Original title: Обломов
Original language: Russian
Translation to English by: David Magarshack
Page count: 485
The back says: Ilya Ilyich Oblomov is a member of Russia's dying aristocracy a man so lazy that he has given up his job in the Civil Service, neglected his books, insulted his friends and found himself in debt. Too apathetic to do anything about his problems, he lives in a grubby, crumbling apartment, waited on by Zakhar, his equally idle servant. Terrified by the bustle and activity necessary to participate in the real world, Oblomov manages to avoid work, postpone change and finally risks losing the love of his life.I say: Oh, how I wanted to love this far more than I did; mostly because I had been looking forward to reading it for the longest time, and it started out with such brilliance, only to fizzle out in the end. The reason I was so excited about this is because there was a period in my life when I did nothing but lie in bed all day – much to the regret of my family and friends – and so I wanted to read about someone who did the same. I should perhaps point out that the reason I was in bed was due to severe chronic depression and not mere idleness, like Oblomov.
But I digress...We get about 100 pages in before Oblomov gets out of his bed and a few more to get him out of his dirty room. He does everything in there, including receiving his friends, who all try their best to get him to go outside, but he fends them off with excuses of being ill. Eventually his friend Stoltz manages to coerce him out of bed, but he quickly returns to it when Stoltz leaves.
Later on he is forced out of his town apartment and he rents a summerhouse while waiting for his new lodgings to be put in order. To be noted is that Oblomov has an estate that he’s been neglecting for years, constantly making – and breaking – plans to visit and sort it out. While at the summerhouse he falls in love with Olga, who tries (prompted by Stoltz) to get Oblomov to do something with his estate and life.To say anything further would be too spoilery, so I’ll pause there.
What I loved and hated in equal measures was Goncharov’s inclination to analyse his characters. I mostly loved it when he was in Oblomov’s head, but hated it when he was in Olga’s or Stoltz’s heads because they didn’t interest me. In fact, the episodes relating to them were so very tedious I had to restrain myself from skimming through them. The problem I have with an omniscient narrator is that I find their analysis of the characters annoying; and Goncharov went into such detail that at times I just wanted to cry. Especially when Oblomov fell in love with Olga and I had to be subjected to all the inane clichés and melodrama.Sigh.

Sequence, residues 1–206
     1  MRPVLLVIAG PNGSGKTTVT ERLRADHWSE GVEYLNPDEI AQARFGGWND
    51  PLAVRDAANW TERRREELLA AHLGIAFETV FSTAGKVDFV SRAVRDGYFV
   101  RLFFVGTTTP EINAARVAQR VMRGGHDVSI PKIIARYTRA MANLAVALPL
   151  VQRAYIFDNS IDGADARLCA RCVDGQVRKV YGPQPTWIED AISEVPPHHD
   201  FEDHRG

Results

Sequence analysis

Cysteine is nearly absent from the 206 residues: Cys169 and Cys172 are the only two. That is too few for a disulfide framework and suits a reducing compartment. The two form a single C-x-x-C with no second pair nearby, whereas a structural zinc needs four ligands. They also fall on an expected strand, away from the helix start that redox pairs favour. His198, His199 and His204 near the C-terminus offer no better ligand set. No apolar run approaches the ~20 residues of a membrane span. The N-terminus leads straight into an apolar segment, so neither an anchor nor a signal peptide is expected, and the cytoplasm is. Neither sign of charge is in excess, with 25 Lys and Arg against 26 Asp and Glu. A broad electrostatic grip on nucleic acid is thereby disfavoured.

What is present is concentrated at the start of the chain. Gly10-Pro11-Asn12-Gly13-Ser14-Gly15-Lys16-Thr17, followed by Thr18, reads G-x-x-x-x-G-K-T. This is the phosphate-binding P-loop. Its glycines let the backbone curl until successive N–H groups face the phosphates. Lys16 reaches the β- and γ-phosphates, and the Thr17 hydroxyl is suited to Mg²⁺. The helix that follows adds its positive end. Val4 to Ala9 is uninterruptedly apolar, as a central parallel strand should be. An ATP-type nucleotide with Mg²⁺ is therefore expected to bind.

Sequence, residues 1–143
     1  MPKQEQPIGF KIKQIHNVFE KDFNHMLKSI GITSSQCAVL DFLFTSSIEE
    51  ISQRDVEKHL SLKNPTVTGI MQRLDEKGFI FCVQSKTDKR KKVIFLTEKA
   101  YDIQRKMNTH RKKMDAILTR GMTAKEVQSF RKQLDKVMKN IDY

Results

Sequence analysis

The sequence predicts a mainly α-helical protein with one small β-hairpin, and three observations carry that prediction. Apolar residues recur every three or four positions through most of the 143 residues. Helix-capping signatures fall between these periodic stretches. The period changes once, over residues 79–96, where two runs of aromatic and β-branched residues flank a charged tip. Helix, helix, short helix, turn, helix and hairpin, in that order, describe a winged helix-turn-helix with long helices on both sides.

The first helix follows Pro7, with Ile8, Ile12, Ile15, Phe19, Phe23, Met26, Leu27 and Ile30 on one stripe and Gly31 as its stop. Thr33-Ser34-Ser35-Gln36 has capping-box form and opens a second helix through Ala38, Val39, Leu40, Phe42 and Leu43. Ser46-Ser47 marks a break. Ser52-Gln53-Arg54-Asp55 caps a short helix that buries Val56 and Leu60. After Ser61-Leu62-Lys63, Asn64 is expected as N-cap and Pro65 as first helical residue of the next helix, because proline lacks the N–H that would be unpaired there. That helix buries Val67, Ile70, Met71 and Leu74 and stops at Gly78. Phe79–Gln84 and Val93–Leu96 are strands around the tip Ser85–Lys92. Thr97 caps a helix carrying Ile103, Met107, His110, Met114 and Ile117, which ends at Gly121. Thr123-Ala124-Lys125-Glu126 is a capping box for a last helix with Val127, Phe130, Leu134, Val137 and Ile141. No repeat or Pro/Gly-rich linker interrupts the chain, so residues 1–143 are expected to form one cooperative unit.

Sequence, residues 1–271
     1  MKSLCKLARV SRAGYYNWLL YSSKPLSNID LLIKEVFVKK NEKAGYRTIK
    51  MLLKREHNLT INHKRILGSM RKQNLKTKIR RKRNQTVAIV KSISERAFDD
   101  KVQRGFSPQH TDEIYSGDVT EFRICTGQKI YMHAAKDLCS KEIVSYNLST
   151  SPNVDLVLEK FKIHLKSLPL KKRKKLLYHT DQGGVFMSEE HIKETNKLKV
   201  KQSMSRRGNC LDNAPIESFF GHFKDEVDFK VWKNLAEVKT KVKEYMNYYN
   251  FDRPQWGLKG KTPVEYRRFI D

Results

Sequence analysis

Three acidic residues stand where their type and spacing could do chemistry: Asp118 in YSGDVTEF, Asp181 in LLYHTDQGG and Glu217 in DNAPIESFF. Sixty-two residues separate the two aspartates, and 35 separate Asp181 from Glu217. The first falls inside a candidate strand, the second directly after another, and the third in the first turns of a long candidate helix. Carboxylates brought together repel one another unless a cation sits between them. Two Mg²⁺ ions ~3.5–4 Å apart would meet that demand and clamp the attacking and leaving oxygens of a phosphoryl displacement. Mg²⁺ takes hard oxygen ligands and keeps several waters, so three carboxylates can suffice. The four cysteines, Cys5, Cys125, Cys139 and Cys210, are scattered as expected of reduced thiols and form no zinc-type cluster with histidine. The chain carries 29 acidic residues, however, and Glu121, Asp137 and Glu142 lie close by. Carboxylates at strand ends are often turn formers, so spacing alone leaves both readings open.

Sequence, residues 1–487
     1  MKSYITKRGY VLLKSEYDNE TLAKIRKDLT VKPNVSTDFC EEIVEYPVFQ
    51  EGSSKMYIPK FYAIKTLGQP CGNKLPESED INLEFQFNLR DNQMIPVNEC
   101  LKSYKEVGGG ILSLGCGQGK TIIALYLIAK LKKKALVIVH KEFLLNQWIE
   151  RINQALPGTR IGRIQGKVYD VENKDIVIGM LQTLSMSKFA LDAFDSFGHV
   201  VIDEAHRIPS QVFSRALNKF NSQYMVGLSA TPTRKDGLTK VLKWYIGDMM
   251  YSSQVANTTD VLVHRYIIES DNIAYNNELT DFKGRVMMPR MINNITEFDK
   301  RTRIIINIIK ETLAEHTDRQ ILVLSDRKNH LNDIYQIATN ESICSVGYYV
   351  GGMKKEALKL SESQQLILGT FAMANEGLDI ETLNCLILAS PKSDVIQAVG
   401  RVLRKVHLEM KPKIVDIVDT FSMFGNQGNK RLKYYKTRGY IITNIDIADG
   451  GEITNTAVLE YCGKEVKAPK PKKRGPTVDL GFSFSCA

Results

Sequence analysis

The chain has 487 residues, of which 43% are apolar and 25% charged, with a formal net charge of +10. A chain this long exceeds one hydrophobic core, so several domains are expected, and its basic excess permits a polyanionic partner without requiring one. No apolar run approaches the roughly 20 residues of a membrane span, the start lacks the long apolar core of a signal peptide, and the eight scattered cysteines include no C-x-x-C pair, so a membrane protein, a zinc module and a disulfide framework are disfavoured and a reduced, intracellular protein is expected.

Thankfully, there was a lot of humour in here to alleviate the seriousness. Zakhar was an instant favourite with his sarcastic remarks, easily offended nature and downright uselessness. All of the characters were very well-crafted and convincing – even Oblomov, which in itself should be an impossibility. However, this is satire and stark criticism against the idle lives of the Russian nobility, which lends a seriousness to the work that almost makes me choke on the laughter. As much as I loved the character Oblomov, the fact that he can’t even dress himself and that Zakhar was an inherited serf that he abuses to no end, forces the reader to look beyond the literary context and onto the social and cultural one.Now, this may be over 150 years old, and the Russia of Oblomov a distant memory, but that still doesn’t negate the fact that Oblomovism (which Wiki says refers to the “fatalistic slothfulness that Oblomov exhibits”) is an issue of this day. Without veering into a “kids today” type rant, I’ll end this longwinded review by saying that if there had been less Stoltz and Olga (and Oblomov in love) this would have been an instant favourite. As it is, 4/5 is all I can muster to give it.